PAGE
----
Grief can be overwhelming and painful. You may feel like hiding from it, but that will not help you. However, as you learn to live with your grief, the pain will get easier with time. Engaging in self-care, asking others for support, and doing grief work can help remove the sting of a loss.

Rest and relax

Your body can get worn out from grief. Feelings of anxiety, stress, and constant crying can leave you feeling tired. Make sure you get as much rest as you can. Take frequent naps when needed and go to bed earlier than you normally would.

If you have trouble sleeping, make an effort to relax and calm your mind several times during the day. This can help you fall asleep faster at night. Try gently stretching your head toward your shoulders, first focus on one side and then the other. This will stretch your neck muscles and release tension.

Connect with others and ask for support

Turn to your friends and family when you need them. Call them when you need comfort. Their support and presence will help you not feel so alone, especially if they are also grieving.

Talk about the loss to get things off your chest. Saying things out loud and expressing how you really feel can help you release pent-up emotion. This may also be a good time to tell stories and bring up good memories.

Take a break from drugs, alcohol, and self-medicating

When the strongest feelings of grief come up, you might desperately wish to make it go away by drowning your sorrows with drugs or alcohol. It is important to resist the temptation. You may forget the pain for a few hours, but it will come right back.

Using drugs or alcohol can make your grieving process take longer. You are only covering up your emotions instead of facing and dealing with them. 

Plan a few fun things to look forward to

It's ok to spend time and have fun with others while you grieve. You don't have to talk about your feelings every time you're with other people. Doing fun things is a great distraction.

Scheduling lunch with a friend or a trip to a park will give you something to put on your schedule and separate from your grief. Your grief may make you feel hopeless sometimes. Planning something fun can keep you looking forward.

Take care of your spirituality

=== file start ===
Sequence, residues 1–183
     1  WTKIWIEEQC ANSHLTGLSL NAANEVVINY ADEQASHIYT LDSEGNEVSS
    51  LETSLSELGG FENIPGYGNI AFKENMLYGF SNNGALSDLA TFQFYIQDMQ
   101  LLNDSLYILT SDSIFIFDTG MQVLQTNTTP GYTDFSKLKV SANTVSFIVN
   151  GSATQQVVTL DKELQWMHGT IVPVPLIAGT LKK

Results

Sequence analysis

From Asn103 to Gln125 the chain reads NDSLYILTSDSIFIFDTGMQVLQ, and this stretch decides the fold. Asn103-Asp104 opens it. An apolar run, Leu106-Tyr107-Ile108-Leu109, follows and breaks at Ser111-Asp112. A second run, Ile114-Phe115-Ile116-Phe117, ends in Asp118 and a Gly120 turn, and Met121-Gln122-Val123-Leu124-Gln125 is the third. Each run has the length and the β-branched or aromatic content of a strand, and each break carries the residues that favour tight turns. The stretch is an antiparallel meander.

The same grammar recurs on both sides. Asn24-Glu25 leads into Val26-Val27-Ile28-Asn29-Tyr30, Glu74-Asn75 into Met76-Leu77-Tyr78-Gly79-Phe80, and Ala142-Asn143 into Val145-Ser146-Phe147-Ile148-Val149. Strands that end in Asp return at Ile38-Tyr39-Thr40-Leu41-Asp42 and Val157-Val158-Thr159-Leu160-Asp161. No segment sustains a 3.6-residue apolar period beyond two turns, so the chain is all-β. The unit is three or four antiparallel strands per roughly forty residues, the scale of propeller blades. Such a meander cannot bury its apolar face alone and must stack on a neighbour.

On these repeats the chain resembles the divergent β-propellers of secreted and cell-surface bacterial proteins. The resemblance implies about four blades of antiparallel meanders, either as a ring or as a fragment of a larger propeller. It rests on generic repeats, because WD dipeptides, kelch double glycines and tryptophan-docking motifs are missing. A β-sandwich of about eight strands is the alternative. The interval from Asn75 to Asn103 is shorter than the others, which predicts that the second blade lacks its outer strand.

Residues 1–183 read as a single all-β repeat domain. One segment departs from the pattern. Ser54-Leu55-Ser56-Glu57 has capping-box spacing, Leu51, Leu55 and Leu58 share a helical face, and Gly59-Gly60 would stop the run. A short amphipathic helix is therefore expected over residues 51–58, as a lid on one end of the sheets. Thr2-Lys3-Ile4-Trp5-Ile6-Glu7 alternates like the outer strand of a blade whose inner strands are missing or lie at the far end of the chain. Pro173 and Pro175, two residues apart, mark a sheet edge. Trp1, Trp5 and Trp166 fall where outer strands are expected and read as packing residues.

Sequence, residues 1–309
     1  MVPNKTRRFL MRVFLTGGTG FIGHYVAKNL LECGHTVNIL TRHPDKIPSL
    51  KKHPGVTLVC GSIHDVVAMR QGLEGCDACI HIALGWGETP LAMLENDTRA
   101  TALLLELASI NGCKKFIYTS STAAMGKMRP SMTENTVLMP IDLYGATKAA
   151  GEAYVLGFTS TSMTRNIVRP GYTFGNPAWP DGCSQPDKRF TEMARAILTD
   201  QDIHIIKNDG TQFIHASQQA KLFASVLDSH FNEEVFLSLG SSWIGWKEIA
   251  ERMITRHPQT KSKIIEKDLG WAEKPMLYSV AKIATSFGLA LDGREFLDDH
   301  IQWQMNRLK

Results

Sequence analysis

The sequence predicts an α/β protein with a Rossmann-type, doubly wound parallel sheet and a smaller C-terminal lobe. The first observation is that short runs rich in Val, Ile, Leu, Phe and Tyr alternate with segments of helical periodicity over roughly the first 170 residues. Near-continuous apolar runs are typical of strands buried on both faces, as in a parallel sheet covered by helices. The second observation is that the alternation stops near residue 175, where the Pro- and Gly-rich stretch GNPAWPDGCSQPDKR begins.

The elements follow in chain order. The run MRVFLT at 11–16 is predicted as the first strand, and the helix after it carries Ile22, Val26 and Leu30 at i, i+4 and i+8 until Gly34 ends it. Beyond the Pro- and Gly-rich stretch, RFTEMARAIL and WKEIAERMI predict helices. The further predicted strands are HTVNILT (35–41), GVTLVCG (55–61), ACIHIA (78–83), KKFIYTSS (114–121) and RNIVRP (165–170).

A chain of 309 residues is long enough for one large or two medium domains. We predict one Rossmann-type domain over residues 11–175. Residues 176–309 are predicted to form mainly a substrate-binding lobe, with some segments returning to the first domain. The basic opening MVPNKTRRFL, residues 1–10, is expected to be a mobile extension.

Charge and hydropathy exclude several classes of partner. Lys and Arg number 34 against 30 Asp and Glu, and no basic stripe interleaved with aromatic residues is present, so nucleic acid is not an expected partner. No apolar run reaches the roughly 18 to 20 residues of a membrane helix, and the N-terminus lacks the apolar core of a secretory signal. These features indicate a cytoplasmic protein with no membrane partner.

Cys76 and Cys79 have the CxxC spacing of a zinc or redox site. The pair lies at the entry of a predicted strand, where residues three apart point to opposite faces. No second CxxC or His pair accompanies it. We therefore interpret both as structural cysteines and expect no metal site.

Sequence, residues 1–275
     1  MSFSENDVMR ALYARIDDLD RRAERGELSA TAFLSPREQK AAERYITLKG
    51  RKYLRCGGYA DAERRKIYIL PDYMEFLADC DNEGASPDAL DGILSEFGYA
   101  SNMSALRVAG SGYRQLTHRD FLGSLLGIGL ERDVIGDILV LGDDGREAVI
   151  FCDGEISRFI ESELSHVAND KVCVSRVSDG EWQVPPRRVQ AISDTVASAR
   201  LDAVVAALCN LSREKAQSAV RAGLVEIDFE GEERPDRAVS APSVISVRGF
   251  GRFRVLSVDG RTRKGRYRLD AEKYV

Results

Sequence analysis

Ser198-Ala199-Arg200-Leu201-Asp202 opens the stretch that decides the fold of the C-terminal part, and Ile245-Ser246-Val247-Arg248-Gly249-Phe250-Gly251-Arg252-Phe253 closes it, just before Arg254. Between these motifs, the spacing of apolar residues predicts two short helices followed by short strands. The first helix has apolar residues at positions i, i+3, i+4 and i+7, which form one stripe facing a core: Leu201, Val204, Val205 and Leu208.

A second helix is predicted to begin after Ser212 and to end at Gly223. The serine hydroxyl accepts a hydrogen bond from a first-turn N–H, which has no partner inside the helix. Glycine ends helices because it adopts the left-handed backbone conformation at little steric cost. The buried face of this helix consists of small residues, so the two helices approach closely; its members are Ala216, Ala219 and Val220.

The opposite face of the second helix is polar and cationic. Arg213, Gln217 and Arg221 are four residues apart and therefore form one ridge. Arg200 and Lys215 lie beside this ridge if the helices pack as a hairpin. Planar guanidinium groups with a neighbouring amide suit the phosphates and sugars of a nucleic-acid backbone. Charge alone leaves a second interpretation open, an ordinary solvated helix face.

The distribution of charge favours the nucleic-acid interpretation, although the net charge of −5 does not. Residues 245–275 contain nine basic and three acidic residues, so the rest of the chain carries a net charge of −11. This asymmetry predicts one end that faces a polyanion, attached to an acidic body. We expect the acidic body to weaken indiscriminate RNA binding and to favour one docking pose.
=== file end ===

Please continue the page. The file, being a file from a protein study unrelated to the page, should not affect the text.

Take this time to grow spiritually. If you believe in a higher power, you might find prayer comforting. Speak to a religious leader to help you deal with your grief.

Connect with nature and the universe. Nature can also help with healing. Get out of the house for some fresh air or take a walk outside. Read books on spiritual growth or on grief. Explore something other than yourself.

Talk to a grief counselor

Grief is not a disorder, and it's not the same as depression. Some people who are grieving may need the support of a counselor, but it is important not to be afraid to do so if it becomes unmanageable. When searching for a counselor, choose someone who focuses on grief and bereavement. 

These counselors have specialized training with various types of grief. If your grief makes daily life difficult and it doesn’t seem to get better, call a counselor in your area. They can help you cope and provide support.

Join a support group, in person or online

Support groups are ideal for helping people through grief. Everyone shares their experiences, helping each other feel less lonely. 

Unfortunately, some people are not comfortable talking about their feelings with their family and friends. They may feel misunderstood or judged. In this case, an online support group may create a safe place to share and listen.

How Do You Know If You’re Ready for Grief Counseling?

Counseling isn’t a magic wand that takes your pain away. It takes commitment and effort, and that may be difficult to consider when you’re deep in grief. Here’s how to know when you may need counseling and how to tell if you’re ready.

Signs you may need grief counseling

Grief is not a mental disorder, but it can be a difficult and painful process. Here are some important signs that you may need the support and guidance found in grief counseling.

Emotions are intense and you’re having trouble managing them

You may notice that you can’t stop crying, you feel angry every day, or you often feel panicked for no reason. Feeling stuck in one emotional mode for a while may mean you’re having trouble coping.

Can’t get into your normal routine